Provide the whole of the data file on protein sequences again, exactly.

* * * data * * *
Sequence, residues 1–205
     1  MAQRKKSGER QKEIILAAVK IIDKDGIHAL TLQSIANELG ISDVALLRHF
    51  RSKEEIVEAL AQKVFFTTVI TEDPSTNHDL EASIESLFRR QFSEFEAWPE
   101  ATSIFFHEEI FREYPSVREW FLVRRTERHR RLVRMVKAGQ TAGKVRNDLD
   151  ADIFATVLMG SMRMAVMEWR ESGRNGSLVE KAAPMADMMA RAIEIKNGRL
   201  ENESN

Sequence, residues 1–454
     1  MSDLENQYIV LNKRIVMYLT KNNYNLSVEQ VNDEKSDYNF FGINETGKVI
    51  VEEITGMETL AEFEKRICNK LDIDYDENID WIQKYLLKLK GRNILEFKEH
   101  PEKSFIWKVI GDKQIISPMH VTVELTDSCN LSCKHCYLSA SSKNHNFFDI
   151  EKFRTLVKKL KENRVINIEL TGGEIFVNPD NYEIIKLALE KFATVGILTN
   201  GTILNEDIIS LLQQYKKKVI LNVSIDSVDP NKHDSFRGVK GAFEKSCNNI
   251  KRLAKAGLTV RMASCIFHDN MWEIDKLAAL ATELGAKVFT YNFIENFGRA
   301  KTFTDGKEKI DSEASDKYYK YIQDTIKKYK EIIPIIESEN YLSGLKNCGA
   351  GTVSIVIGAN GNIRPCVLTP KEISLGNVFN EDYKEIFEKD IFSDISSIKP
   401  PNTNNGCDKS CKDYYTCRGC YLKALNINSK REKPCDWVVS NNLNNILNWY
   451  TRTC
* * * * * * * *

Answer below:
Sequence, residues 1–205
     1  MAQRKKSGER QKEIILAAVK IIDKDGIHAL TLQSIANELG ISDVALLRHF
    51  RSKEEIVEAL AQKVFFTTVI TEDPSTNHDL EASIESLFRR QFSEFEAWPE
   101  ATSIFFHEEI FREYPSVREW FLVRRTERHR RLVRMVKAGQ TAGKVRNDLD
   151  ADIFATVLMG SMRMAVMEWR ESGRNGSLVE KAAPMADMMA RAIEIKNGRL
   201  ENESN

Sequence, residues 1–454
     1  MSDLENQYIV LNKRIVMYLT KNNYNLSVEQ VNDEKSDYNF FGINETGKVI
    51  VEEITGMETL AEFEKRICNK LDIDYDENID WIQKYLLKLK GRNILEFKEH
   101  PEKSFIWKVI GDKQIISPMH VTVELTDSCN LSCKHCYLSA SSKNHNFFDI
   151  EKFRTLVKKL KENRVINIEL TGGEIFVNPD NYEIIKLALE KFATVGILTN
   201  GTILNEDIIS LLQQYKKKVI LNVSIDSVDP NKHDSFRGVK GAFEKSCNNI
   251  KRLAKAGLTV RMASCIFHDN MWEIDKLAAL ATELGAKVFT YNFIENFGRA
   301  KTFTDGKEKI DSEASDKYYK YIQDTIKKYK EIIPIIESEN YLSGLKNCGA
   351  GTVSIVIGAN GNIRPCVLTP KEISLGNVFN EDYKEIFEKD IFSDISSIKP
   401  PNTNNGCDKS CKDYYTCRGC YLKALNINSK REKPCDWVVS NNLNNILNWY
   451  TRTC